Main Article Content
Rheumatoid arthritis (RA) imposes a considerable burden on society in terms of morbidity, long-term disability, and costs. RA prevalence is poorly described in Australia, and linked health datasets can provide a more meaningful picture for RA epidemiology in the Australian population.
Objectives and Approach
We extracted data on all patients identified in the WA Hospital Morbidity Data Collection between 1995 and 2014, with the International Classification of Diseases (ICD) codes for RA (ICD 10 M05.00–M06.99, and the corresponding ICD 9 codes). We estimated RA point- and period prevalence rates per 1000 hospital separations and annual average percentage changes, with the total number of hospital separations each year obtained from the Australian Institute of Health and Welfare, which served as the denominator.
A total of 17,125 patients were admitted to WA hospitals with a diagnostic code for RA over the study period (1995-2014). The total number of hospital separations for RA patients was 50,353, indicating an average of three hospital separations per patient over twenty years. The RA prevalence was 3.4 per 1000 separations over the study period, with a -2.89% annual average decrease since 1995.The RA point prevalence remained constant in the early part of the study period, at 7.9 per 1000 separations, then decreased in the later years, from 3 per 1000 separations in 2009 to 1.9 per 1000 separations in 2014.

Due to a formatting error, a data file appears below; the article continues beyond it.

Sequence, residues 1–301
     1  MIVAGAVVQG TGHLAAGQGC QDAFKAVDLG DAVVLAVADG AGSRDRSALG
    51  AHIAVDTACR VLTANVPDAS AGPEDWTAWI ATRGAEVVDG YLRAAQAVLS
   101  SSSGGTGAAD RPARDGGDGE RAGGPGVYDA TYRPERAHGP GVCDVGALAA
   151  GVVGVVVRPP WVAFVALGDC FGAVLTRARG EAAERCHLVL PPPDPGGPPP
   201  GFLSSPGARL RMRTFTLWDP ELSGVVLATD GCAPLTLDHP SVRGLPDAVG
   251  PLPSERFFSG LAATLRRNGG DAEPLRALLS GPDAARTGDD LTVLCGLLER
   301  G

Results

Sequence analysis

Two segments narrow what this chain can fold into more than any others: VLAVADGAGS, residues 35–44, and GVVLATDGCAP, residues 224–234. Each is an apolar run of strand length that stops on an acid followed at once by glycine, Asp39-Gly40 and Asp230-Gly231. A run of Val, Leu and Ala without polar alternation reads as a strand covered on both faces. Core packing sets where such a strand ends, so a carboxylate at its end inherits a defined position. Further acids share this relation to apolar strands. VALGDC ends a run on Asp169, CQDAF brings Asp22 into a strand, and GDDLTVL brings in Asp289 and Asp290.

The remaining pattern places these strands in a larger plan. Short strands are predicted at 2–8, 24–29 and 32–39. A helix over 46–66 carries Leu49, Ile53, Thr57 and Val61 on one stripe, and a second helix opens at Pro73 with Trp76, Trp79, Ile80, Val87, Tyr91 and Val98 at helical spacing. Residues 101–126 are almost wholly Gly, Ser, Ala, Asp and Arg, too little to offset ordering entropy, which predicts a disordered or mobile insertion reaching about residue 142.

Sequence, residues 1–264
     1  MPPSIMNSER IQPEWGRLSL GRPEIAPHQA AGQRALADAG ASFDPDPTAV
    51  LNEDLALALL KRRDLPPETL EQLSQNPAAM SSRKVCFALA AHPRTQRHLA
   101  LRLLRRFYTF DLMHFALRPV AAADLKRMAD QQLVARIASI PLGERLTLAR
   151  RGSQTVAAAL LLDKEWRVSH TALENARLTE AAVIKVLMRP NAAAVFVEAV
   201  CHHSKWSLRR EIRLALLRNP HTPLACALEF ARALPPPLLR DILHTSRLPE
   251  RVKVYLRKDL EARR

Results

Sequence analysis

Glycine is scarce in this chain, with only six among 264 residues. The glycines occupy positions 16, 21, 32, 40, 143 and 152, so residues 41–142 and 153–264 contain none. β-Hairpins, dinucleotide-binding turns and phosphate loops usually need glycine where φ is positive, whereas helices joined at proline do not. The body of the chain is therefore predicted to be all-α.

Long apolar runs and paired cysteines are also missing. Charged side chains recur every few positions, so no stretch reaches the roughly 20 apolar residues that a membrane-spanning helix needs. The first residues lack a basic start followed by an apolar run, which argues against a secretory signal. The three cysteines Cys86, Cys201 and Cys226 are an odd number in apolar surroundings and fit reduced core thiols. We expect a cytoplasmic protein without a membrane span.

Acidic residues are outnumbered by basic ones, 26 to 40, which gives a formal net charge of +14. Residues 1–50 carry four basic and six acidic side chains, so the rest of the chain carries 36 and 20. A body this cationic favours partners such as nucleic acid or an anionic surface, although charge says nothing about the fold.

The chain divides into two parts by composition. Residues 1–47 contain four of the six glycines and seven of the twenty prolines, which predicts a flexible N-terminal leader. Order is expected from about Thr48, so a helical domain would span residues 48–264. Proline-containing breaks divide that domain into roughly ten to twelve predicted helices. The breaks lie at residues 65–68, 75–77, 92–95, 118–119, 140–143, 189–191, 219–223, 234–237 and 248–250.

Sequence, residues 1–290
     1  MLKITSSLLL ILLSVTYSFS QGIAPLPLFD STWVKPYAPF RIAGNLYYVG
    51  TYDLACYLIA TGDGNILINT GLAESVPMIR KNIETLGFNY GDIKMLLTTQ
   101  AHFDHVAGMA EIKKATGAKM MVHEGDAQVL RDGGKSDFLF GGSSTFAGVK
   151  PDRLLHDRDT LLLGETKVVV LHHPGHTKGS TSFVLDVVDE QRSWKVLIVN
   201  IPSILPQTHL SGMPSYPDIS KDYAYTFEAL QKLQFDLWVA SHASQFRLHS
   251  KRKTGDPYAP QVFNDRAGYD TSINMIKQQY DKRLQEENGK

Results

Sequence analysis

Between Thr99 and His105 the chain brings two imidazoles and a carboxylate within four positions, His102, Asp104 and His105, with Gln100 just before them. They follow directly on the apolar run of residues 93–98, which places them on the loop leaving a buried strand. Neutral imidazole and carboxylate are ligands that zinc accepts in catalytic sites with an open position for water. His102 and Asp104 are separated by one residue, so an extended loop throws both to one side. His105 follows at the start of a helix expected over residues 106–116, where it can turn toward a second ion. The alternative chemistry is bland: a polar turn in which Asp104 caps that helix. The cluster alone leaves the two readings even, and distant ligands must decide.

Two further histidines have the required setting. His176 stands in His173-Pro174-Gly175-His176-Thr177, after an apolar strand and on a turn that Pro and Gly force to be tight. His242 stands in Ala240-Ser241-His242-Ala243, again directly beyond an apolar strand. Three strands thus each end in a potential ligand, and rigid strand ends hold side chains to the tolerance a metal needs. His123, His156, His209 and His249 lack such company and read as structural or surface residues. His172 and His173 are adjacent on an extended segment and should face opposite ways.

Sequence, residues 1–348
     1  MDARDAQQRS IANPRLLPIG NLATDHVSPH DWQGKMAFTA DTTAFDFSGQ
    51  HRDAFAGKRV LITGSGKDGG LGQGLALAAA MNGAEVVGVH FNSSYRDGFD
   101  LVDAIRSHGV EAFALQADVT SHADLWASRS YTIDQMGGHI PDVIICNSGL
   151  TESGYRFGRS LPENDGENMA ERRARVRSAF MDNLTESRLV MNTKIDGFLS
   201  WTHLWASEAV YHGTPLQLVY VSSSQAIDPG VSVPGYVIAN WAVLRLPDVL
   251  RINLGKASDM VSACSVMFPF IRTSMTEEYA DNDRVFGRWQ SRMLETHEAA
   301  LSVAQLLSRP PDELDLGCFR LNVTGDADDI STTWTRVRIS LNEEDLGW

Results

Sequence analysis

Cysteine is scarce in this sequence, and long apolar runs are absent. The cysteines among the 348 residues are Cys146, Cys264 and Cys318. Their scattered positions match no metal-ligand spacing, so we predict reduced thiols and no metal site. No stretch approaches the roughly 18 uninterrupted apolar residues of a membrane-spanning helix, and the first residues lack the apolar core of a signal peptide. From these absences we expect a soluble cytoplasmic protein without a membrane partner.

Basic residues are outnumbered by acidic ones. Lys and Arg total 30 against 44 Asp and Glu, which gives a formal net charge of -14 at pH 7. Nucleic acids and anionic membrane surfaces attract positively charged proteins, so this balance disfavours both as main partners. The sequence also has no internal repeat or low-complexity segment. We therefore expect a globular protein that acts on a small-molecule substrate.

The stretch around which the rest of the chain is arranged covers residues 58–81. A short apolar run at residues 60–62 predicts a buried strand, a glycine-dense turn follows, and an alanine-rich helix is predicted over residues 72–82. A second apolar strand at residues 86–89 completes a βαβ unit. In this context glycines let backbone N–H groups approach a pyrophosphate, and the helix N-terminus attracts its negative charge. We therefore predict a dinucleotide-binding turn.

Conclusion / Implications
These data demonstrate that hospitalisation for RA has decreased considerably in WA over the last two decades. As this decrease roughly coincides with the introduction of biological drug treatment for RA, the reduced need for hospital admission is likely due to improvements in RA management.
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